In summary, our data suggest that wt adenovirus DNA replication can, in principle, be blocked most effectively by targeting 2 independent steps needed for viral DNA replication, namely (i) the formation of the initiation complex, and (ii) the actual DNA polymerization step. Targeting of these mechanistically different steps may not be restricted to the way we accomplished it, but may also prove a useful strategy when aiming to inhibit adenoviral DNA replication by novel “conventional” drugs or small-molecule inhibitors. In general, our strategy does not allow to cure wild-type virus-infected cells from the infection, and it cannot prevent them from cell death. However, it can effectively decrease the output of infectious virus progeny from these cells, and consequently prevent virus spreading.
In an envisioned therapeutic scenario, the delivery of anti-adenoviral amiRNAs, via a replication-deficient adenoviral vector, may have several unique advantages. For example, it may allow for the amplification of amiRNA and HSV-TK expression cassette copy numbers upon exposure of the recombinant virus to the wt virus due to the initiation of vector replication. This transcomplementation effect has already been demonstrated earlier for the pTP-mi5 amiRNA expression cassette in vitro. In addition, this effect may ensure a constant supply of recombinant vector as long as wt adenovirus is present. Moreover, due to the shared organ tropism of the adenoviral vector and its wt counterpart, delivery via an adenovirus-based vector may also permit the directing of the vector predominantly to those cells and organs that are also the preferred targets of the wt virus. Among those is the liver which functions as a major virion multiplicator during adenovirus infection and is readily transduced by adenoviral vectors . Thus, it is conceivable, that strategies as the one presented here are able to reduce the output of infectious wt virus at least from this particular organ, and, consequently, inhibit spreading of the virus throughout the body. Because the immune response against the wild-type virus is heavily impaired or inexistent in immunocompromised patients, problems that can occur due to the elimination of adenoviral vectors by the immune system should be less pronounced or absent in such an envisioned scenario. Alternatively, topical treatment of localized adenovirus infection, e.g., of the eye, where high local vector concentrations can be achieved, is conceivable for immunocompetent patients as well. Adenovirus-mediated epidemic keratoconjunctivitis (EKC) is associated with significant morbidity and possible long term consequences on visual acuity, and thus causes considerable economic losses.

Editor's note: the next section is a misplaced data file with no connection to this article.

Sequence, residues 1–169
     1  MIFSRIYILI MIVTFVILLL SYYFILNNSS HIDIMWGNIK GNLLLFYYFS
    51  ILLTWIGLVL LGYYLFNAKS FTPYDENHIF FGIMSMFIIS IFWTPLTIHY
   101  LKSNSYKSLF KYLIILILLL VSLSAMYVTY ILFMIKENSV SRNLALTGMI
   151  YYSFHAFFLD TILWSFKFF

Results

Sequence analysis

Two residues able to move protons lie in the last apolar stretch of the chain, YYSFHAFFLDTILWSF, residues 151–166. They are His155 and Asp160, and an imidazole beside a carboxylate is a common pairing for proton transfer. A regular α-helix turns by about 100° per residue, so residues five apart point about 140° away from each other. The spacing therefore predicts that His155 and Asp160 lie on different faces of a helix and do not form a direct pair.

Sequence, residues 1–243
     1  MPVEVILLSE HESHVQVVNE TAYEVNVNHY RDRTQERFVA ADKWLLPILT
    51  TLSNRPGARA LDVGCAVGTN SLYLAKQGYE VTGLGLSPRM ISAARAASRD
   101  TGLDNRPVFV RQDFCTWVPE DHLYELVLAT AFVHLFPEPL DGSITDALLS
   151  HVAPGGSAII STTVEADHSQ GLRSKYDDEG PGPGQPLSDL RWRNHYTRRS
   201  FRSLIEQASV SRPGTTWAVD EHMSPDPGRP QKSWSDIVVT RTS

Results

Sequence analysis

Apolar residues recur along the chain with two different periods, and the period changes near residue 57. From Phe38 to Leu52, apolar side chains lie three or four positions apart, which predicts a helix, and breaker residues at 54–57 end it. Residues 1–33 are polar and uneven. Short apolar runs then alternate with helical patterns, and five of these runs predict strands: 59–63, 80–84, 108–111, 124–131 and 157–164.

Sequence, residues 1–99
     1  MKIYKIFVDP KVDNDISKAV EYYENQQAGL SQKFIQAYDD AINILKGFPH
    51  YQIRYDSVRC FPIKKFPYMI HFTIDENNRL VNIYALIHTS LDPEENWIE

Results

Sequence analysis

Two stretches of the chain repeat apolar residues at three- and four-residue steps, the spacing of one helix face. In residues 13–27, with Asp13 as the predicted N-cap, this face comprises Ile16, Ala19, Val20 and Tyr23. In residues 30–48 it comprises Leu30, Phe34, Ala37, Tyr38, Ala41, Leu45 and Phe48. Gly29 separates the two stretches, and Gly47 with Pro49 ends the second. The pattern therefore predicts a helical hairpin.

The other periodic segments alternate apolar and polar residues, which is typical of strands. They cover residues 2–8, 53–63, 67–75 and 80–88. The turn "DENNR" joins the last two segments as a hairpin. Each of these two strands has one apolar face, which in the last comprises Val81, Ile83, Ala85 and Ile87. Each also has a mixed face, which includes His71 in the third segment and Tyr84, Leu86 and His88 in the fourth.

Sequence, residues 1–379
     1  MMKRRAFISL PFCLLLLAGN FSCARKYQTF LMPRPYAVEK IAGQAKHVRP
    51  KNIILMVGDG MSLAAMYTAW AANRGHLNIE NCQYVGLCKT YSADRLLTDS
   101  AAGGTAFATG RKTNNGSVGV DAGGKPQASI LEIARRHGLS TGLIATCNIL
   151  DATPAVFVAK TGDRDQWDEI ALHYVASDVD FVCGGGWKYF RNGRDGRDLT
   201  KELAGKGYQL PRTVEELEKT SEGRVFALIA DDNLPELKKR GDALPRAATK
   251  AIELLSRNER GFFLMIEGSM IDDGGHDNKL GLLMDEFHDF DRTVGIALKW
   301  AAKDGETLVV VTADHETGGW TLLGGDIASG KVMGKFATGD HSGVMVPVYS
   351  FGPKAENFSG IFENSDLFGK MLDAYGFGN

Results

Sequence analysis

Adenoviral vectors are among the most commonly used vectors for the delivery of genetic information in vivo. In most cases, replication-deficient vectors whose E1 and E3 genes are deleted are employed. In theory, no viral genes should be expressed from these vectors. Leaky expression of viral genes from replication-deficient viral vectors, however, is known to occur due to the presence of binding sites for certain cellular transcription factors in adenoviral promoters . This background expression from both early and late promoters can result in toxicity and immunity against adenoviral proteins [44–48] and, consequently, to short-lived transgene expression. The amiRNA generated from the combinatorial HSV-TK/amiRNA expression cassette, when included in such vectors, may potentially prevent leaky pTP expression from the adenoviral E2B promoter. It may, thus, inhibit any potential low-level replication and, consequently, late gene expression (which is dependent on viral DNA replication), thereby preventing the generation of highly immunogenic late gene products such as the hexon and fiber proteins. In fact, deletions within the E2B region that comprises the viral DNA polymerase and pTP genes lead to decreased downstream gene expression in E1-deleted adenoviral vectors [49, 50], resulting in extended transgene expression and reduced liver toxicity [50, 51].